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Will the universe’s expansion put an end to science as we know it?

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Well, that’s what some cosmologists fear. Call it a futurist’s dystopia if you like.

This image represents the evolution of the Universe, starting with the Big Bang. The red arrow marks the flow of time.
Big Bang/NASA

Sci-tech writer Geoff Manaugh explains at BLDGBLOG:

As the universe expands over hundreds of billions of years, Reynolds explained, there will be a point, in the very far future, at which all galaxies will be so far apart that they will no longer be visible from one another.

Upon reaching that moment, it will no longer be possible to understand the universe’s history—or perhaps even that it had one—as all evidence of a broader cosmos outside of one’s own galaxy will have forever disappeared. Cosmology itself will be impossible.

There would be no reason to theorize that other galaxies had ever existed in the first place. The universe, in effect, will have disappeared over its own horizon, into a state of irreversible amnesia.More.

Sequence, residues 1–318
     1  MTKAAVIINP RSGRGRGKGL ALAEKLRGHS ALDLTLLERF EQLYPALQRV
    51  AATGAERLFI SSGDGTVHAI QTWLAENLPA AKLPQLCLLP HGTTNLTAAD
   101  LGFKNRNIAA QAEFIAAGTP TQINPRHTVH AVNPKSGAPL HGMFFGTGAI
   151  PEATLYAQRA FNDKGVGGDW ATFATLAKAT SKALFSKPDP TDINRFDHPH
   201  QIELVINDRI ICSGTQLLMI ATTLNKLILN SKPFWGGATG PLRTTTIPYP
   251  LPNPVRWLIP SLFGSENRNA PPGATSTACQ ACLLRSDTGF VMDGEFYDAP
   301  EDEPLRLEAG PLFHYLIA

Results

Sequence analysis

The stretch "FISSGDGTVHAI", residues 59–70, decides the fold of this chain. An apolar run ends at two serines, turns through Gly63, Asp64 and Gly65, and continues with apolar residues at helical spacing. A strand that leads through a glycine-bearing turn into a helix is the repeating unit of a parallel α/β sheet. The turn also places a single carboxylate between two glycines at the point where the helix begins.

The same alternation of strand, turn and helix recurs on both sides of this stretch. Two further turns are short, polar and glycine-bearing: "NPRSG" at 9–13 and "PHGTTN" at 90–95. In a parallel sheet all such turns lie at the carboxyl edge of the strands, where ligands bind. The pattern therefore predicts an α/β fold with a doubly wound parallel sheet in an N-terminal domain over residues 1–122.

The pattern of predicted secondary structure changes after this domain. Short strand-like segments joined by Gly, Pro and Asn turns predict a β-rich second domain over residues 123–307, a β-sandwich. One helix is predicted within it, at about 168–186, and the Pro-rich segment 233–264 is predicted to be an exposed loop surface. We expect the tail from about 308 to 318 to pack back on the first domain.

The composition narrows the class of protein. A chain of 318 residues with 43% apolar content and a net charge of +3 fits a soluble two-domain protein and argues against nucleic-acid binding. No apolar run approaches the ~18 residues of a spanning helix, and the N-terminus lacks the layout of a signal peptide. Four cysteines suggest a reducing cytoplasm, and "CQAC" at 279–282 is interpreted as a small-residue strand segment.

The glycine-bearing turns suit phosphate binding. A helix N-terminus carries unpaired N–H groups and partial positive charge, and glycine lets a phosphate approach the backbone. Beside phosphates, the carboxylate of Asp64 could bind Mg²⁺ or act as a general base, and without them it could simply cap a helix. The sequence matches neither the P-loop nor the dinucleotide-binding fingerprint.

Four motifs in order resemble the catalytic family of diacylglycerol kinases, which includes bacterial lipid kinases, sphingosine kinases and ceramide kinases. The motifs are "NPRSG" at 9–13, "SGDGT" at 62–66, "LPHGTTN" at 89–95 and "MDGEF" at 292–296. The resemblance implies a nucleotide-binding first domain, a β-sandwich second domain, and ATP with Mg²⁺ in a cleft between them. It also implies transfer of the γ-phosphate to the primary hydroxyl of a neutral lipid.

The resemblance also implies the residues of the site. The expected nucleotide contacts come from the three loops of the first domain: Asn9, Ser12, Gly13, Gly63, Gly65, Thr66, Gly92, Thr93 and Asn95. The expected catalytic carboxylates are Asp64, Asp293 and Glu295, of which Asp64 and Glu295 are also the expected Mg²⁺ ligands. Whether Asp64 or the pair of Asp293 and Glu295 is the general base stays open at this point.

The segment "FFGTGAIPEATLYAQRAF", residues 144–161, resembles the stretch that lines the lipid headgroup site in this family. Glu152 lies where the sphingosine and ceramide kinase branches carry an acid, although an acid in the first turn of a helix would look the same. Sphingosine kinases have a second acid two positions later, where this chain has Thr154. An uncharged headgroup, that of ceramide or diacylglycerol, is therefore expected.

For Manaugh, these thoughts riff off a recent article on the “crisis brewing in the cosmos” (the universe seems to be expanding too fast).

Hmmm. We could probably put off worry about it for a little, especially because we don’t seem to have anything like a program yet for the  End of All Things. Keep the file open.

See also: Crisis in cosmology: Universe expanding too fast?

Now fierce debate over universe expansion speed

New physics? Conflict in universe’s expansion data

and

Universe expansion speed just right for life?

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One Reply to “Will the universe’s expansion put an end to science as we know it?

  1. 1
    ppolish says:

    The CMB will disappear first. Then distant galaxies will begin to flicker out. Then all other galaxies will disappear leaving just the Andromeda/MilkyWay combo remaining. Far future scientists will have to have faith in ancient books for the truth. Believe.

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